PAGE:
Rated 5 out of 5 by from Excellent - but too short Prof. Greenberg is fantastic -- knowledgeable, funny, and incisive, with a distinct New York humor. The only "problem" with this course is that it is too short -- should have been double the length to do Tchaikovsky's corpus the depth it deserves. But for anyone who wants to get the "core" of this master Romantic composer -- a great course.
Date published: 2017-01-14
Rated 4 out of 5 by from Wonderful content, presentation not so much This course content and organization is wonderful. Prof. Greenberg does a great job of providing the history of the times and of Tchaikovsky and explaining how Tchaikovsky's experiences informed his music. He intersperses segments of music with his discussion in a wonderful way so that you appreciate and have a better understanding of the music you are listening to. However, Prof. Greenberg's presentation style is pretty bad. He is clearly excited about his subject, and certainly is providing great information, but his excitable presentation style and his continual over stressing of words is rather jarring.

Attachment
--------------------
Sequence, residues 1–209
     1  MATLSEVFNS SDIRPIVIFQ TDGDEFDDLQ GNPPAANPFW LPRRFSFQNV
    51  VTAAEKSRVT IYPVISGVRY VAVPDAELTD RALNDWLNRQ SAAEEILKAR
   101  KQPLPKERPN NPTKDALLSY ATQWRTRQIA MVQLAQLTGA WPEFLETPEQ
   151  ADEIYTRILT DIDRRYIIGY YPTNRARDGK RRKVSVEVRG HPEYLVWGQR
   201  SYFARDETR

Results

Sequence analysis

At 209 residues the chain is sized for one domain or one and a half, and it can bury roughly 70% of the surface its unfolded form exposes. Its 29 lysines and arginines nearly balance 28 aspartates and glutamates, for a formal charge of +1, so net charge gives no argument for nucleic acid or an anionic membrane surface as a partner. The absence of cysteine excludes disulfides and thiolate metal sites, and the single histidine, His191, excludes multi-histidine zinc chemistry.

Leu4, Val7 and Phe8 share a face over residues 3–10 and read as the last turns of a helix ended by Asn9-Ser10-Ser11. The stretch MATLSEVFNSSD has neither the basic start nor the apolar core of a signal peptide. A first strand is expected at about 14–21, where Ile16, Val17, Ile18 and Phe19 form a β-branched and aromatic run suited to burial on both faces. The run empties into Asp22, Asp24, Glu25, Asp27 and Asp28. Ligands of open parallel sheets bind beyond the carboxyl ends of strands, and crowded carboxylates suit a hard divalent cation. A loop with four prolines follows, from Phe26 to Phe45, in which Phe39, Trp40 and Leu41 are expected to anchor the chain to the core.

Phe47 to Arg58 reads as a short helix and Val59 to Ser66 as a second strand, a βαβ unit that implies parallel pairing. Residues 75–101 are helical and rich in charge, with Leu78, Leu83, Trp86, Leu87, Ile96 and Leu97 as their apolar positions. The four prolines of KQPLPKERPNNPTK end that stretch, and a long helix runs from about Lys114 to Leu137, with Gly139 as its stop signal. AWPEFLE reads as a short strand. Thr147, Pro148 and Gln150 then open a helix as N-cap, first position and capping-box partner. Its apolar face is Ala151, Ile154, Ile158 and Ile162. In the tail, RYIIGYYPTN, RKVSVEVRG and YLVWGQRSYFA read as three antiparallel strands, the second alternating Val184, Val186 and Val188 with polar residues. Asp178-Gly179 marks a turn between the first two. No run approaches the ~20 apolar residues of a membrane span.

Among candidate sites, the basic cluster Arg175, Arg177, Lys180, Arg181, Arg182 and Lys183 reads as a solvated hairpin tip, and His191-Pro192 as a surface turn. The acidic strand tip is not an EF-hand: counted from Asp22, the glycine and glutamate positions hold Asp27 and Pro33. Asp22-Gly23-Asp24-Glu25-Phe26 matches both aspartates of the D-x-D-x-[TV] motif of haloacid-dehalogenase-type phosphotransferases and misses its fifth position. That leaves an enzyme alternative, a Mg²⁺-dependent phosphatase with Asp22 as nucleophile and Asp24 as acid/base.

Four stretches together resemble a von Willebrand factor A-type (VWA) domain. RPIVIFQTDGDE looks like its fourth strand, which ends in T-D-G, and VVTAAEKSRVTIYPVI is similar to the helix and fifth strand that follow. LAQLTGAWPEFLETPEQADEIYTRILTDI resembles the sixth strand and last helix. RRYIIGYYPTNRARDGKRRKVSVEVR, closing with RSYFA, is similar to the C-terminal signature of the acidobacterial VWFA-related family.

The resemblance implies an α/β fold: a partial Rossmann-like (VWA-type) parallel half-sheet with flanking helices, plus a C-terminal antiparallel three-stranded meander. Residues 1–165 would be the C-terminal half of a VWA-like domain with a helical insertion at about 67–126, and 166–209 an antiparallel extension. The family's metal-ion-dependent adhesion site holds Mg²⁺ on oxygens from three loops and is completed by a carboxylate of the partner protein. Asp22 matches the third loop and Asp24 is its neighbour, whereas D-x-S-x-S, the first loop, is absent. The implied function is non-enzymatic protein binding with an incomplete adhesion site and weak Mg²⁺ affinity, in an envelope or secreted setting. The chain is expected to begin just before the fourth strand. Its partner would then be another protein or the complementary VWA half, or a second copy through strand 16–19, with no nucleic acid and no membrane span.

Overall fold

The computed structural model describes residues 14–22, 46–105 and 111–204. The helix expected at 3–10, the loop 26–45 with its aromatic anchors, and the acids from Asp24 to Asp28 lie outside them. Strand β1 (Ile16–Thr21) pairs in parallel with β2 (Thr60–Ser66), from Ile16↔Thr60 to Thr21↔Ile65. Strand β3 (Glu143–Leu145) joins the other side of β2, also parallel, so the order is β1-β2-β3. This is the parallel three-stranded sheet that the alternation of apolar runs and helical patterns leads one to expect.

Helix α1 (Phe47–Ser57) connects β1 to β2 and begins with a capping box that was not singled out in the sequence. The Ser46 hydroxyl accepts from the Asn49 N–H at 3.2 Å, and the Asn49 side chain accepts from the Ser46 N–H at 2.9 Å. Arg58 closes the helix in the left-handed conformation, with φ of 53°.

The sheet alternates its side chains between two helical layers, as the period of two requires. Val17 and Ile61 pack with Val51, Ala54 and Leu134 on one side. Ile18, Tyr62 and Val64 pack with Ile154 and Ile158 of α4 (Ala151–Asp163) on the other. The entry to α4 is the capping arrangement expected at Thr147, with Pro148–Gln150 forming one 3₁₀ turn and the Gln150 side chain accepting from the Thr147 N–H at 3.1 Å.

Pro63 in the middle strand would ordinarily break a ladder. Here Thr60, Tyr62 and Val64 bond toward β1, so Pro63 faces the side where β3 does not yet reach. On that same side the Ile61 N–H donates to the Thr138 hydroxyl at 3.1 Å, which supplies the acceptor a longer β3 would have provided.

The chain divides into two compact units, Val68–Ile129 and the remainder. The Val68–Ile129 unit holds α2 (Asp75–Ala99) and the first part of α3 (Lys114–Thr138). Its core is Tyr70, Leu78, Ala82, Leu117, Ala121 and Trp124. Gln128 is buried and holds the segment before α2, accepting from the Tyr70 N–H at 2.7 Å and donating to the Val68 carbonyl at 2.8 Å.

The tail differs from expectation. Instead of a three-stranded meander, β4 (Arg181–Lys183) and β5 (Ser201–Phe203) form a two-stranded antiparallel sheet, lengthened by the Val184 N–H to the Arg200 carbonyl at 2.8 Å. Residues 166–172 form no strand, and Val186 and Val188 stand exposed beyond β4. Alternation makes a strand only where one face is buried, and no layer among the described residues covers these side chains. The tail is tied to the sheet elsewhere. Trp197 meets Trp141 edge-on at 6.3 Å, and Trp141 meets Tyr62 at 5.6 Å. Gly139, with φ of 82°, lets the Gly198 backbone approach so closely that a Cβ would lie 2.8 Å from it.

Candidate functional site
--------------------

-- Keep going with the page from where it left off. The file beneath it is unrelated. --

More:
Date published: 2016-11-10
Rated 5 out of 5 by from Informative Dr. Greenberg is one of the best professors I have ever viewed. His presentation is both rewarding and informative. Tchaikovsky is one of the great music masters and I'll learned much about his life from this course. I took this course at an OLLI Class at UNLV and liked it so much that I decided to buy it for myself.
Date published: 2016-08-08